China’s heatwave closes factories that supply parts to Tesla, Intel, and Toyota – The Verge
The world’s biggest electric vehicle battery maker, Contemporary Amperex Technology Co. Limited (CATL), and Intel are among the major companies shutting down their factories for six days in China’s Sichuan province because of a heatwave-related power shortage in the area, according to CNN and Bloomberg.
The move affects factories belonging to companies like Tesla’s battery supplier CATL, Apple’s supplier Foxconn Technology, Toyota, Texas Instruments, Volkswagen, Onsemi, and more.
China ordered all Sichuan factories to pause operations until August 20th to alleviate the pressure placed on the power grid after China’s worst heatwave in 60 years resulted in increased air conditioning usage. According to CNN, temperatures spiked to 104 degrees Fahrenheit in several cities (40 degrees Celsius).
Authorities say they’re trying to conserve power for residences in the region as officials warned Sichuan is facing the “most severe and extreme moment” in power supply, Chinese state news outlet Sichuan Daily reports. That’s likely because the region is reliant on hydropower, making it particularly vulnerable to the heatwave and drought that’s also drying up hydro dam reservoirs.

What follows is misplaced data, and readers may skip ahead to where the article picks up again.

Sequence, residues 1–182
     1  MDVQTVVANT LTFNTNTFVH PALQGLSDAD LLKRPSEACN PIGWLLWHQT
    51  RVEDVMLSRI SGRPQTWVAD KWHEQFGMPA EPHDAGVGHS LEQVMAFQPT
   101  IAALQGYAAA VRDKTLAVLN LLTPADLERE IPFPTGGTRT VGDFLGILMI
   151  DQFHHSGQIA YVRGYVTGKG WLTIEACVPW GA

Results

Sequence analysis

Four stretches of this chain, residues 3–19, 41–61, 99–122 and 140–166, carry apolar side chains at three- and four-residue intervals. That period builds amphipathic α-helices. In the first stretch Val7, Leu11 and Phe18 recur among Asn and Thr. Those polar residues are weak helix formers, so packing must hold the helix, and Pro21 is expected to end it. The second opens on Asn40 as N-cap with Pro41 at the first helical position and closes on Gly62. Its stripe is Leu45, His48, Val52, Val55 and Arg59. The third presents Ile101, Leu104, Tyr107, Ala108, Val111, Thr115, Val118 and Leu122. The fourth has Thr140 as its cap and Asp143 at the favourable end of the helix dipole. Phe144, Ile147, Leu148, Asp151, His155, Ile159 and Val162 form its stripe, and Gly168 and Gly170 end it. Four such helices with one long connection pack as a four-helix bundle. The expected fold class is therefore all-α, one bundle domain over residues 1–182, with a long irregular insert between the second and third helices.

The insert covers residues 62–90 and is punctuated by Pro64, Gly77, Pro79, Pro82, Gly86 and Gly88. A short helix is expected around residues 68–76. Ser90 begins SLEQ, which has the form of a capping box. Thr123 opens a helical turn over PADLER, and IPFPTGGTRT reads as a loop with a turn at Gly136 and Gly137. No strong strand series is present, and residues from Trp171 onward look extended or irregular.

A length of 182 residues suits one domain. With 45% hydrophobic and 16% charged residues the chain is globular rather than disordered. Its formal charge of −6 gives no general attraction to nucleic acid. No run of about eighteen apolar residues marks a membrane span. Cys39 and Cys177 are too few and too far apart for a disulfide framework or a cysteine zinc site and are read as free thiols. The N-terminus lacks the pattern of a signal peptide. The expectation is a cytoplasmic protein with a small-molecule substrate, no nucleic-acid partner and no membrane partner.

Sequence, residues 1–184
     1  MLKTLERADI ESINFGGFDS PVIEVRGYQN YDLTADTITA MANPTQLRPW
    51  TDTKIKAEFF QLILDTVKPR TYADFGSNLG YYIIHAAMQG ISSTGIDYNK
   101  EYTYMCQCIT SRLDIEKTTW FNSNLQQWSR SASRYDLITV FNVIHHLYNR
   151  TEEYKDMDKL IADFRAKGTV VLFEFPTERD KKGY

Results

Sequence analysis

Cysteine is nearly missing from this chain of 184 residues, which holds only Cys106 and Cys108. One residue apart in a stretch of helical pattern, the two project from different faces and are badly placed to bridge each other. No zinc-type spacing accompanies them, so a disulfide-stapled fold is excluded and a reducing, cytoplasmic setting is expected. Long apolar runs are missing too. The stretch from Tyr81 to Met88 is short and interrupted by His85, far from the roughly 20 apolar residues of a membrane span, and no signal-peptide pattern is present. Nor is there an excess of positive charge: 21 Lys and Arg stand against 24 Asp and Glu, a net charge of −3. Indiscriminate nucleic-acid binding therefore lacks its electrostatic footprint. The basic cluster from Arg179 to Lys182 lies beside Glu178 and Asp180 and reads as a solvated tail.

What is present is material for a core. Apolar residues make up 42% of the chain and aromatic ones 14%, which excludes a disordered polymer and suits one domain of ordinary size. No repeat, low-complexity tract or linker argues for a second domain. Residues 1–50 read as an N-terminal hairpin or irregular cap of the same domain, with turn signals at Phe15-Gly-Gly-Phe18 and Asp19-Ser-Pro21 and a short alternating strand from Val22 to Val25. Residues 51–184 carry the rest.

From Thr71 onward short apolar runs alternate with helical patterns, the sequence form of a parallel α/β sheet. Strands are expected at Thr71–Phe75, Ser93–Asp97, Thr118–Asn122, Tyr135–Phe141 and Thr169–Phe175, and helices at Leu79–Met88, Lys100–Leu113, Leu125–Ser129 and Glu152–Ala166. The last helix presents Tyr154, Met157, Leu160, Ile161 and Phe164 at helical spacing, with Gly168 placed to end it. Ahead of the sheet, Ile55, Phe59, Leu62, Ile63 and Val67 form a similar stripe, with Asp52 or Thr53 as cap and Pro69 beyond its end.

As noted by CNN, Sichuan is an important area for semiconductor and solar panel industries. Manufacturers flock to the mineral resource rich region for raw materials used in the solar photovoltaic and electronics industries, like polysilicon — a key solar panel ingredient. The province is also a critical mining hub for lithium, which is used to produce electric car and smartphone batteries.
Some analysts believe the temporary shutdown could increase the price of both polysilicon and lithium as supply goes down. As of August 17th, just two days after the shutdown, industry officials confirmed to Bloomberg the price of polysilicon had indeed gone up.
However, some companies don’t anticipate too much disruption. According to Bloomberg, Foxconn — which makes Apple’s iPads in the region — said the drought hasn’t impacted them much yet. Volkswagen, meanwhile, reportedly remarked on Monday it wasn’t expecting long delivery delays.
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